• The stress is most severe at the high end of the market. There are 350 apartments and town houses for sale in Manhattan with asking prices of more than $10 million, and inventory has been growing. It would take about six years at the current sales rate to absorb all those listings.
  • Manhattan was spared some of the housing problems the rest of the country faced during this downturn. The mortgage foreclosure rate in Manhattan remains low even today. While thousands of condos were built here, most were bought by homeowners, not speculators, as was common in Miami and other oversaturated markets. But Manhattan housing prices were driven higher by record earnings and bonuses on Wall Street, and they fell hard when the music stopped last fall.
  • The quick fall in prices is shown in the experience of Abigail Disney, a philanthropist and documentary filmmaker, who a year ago put her sprawling 17-room co-op on West End Avenue on the market for $13.5 million. After a series of price cuts, Ms. Disney has finally found buyers for the property, for just under $7.5 million, a 46 percent discount from her initial asking price. But to make a deal she agreed to restore the walls and convert it back into two apartments and sell it to two buyers.
  • Jonathan J. Miller, an appraiser who prepares quarterly reports on Manhattan, said the market could continue to fall through this year and next, especially if credit remained tight for most buyers. After that, he said, it could take several more years to work through the excess inventory.
  • The housing recovery will also depend on the state of the economy, which many forecasters say will take a disproportionate toll on New York City before the recession ends. In New York, the financial industry accounts for more than 30 percent of all wages, and at least some of the wages of half of all very high income households, according to the New York City comptroller’s office. While employment fell nationwide last year, the number of jobs actually grew in New York City until September. Since then, the city lost nearly 85,000 jobs through January, and the comptroller’s office has forecast a loss of 121,000 jobs in 2009 and another 83,000 in 2010.
  • In the late 1980s, a surge in condominium construction in New York created a glut of condo apartments. Prices peaked in 1989, declined steeply in 1991, bottomed out in 1993 and stabilized in 1995 and 1996. (so 6-7 years... as I stated in my piece Wednesday - which is typical for a regional bust)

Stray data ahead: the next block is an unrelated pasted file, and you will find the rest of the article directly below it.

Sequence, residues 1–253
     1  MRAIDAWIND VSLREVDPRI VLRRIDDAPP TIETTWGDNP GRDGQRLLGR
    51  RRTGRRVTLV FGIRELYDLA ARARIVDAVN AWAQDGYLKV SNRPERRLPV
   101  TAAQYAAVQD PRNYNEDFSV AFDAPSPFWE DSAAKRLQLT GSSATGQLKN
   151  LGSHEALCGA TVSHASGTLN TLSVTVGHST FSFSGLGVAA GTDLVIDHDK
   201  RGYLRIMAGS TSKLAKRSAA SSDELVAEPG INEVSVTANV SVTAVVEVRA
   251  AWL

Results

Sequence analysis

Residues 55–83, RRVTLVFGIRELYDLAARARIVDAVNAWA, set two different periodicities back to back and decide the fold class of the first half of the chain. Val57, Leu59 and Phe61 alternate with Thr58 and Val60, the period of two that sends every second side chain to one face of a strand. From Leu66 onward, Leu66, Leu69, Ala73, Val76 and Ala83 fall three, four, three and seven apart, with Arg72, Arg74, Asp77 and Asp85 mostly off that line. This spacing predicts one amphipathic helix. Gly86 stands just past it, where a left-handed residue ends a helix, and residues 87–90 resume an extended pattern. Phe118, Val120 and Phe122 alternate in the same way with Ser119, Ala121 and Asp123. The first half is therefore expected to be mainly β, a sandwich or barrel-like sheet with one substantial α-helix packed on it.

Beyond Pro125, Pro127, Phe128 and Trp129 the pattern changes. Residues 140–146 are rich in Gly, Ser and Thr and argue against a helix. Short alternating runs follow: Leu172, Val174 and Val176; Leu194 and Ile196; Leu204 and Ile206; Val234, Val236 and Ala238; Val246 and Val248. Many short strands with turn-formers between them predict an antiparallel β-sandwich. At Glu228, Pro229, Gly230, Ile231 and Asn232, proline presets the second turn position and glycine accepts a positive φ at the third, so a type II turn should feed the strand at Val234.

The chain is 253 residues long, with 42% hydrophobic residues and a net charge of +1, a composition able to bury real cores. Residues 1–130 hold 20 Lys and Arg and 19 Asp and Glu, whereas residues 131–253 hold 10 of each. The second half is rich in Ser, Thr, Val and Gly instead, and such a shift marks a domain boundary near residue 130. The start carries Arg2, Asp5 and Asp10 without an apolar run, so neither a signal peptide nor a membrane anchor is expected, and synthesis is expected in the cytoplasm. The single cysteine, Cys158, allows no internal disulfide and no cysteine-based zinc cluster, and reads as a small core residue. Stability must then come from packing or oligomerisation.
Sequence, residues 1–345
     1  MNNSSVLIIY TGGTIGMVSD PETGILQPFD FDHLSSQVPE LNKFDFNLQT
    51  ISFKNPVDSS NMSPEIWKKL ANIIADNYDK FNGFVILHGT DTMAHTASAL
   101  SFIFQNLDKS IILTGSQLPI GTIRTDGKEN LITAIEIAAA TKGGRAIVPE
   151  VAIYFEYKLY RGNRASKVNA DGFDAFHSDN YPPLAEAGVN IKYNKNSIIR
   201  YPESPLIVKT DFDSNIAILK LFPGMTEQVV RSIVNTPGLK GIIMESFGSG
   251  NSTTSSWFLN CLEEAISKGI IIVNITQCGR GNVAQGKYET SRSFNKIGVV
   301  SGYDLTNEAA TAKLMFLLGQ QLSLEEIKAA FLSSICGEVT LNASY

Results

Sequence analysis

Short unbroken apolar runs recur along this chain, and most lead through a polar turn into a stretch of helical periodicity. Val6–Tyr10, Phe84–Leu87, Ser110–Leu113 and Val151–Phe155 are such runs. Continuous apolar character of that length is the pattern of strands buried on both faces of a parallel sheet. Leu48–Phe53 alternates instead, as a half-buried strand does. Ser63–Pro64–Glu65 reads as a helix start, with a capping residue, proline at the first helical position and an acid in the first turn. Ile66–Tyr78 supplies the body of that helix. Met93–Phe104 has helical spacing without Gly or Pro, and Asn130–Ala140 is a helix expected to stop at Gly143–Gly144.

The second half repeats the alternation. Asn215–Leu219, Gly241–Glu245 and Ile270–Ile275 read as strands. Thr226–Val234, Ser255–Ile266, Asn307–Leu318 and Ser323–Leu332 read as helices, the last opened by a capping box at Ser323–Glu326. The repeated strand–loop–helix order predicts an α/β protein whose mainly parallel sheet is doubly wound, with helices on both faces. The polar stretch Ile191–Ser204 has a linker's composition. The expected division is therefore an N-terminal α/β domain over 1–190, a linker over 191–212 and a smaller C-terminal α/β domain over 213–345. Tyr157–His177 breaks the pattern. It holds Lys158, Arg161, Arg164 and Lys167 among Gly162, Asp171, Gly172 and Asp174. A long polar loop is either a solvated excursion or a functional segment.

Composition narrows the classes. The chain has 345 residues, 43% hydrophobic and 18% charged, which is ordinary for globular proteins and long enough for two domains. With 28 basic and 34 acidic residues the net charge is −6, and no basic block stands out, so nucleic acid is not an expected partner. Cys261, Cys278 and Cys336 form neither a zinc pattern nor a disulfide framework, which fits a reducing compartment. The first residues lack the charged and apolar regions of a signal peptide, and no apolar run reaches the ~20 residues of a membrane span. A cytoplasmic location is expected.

• Shaun Osher, the chief executive of Core Group Marketing, said he had begun to see more activity this spring, but at much lower prices, with luxury apartment prices off as much as 40 percent.

What will be apparent in 2 years is that a stabilization in housing will be very different than a V-shaped rebound. I do believe people buying anything outside of a foreclosure right now or in markets where prices are already down 50%+ are akin to those rushing into NASDAQ stocks in 2001 after "unheard of drops" and "rock bottom prices". And housing is far less liquid than Cisco Systems.

Let's circle over to the Hamptons shall we? Via Bloomberg

  • Home sales in the Hamptons, the New York oceanside communities favored by financiers and celebrities, plunged 67 percent in the first quarter from a year earlier as Wall Street job cuts and investment losses stifled demand for second homes.
  • Across 11 eastern Long Island towns, 96 homes sold in the three months ended March 31, marking the biggest percentage drop in at least 27 years, property broker Town & Country Real Estate said. It was the biggest percentage drop in their records, which date to 1982. In the same quarter of 2008, 287 homes sold.
  • “We are a luxury item, and people don’t want to spend money,” said Judi Desiderio, president of Town & Country. “I don’t think anybody was thinking about buying a second home if they’re watching the stock market fall off a cliff.”
  • The median sales price fell 28 percent from the year earlier to $698,461, Town & Country said. The decline was largely due to fewer sales of $5 million or more. The total value of all real estate sold in the Hamptons in the first quarter fell 78 percent to $140.2 million.
  • In East Hampton Village sales fell 81 percent, also to three houses. The total value of all homes sold there was $4.1 million, a 95 percent decline. “Those are your iron-clad, been-there-for-over-a-hundred- years, been-used-by-the-Kennedys areas,” said Desiderio. “It’s the blue-chip, best-of-the-best. I would never expect that.”

Thankfully there are green shoots sprouting all over the rest of the United States - weed-like. Everywhere. A good thing, because I don't think we can count on New York for a while. Brown shoots for a while.

Source: Is a Housing Crisis Sprouting in the Hamptons and Manhattan?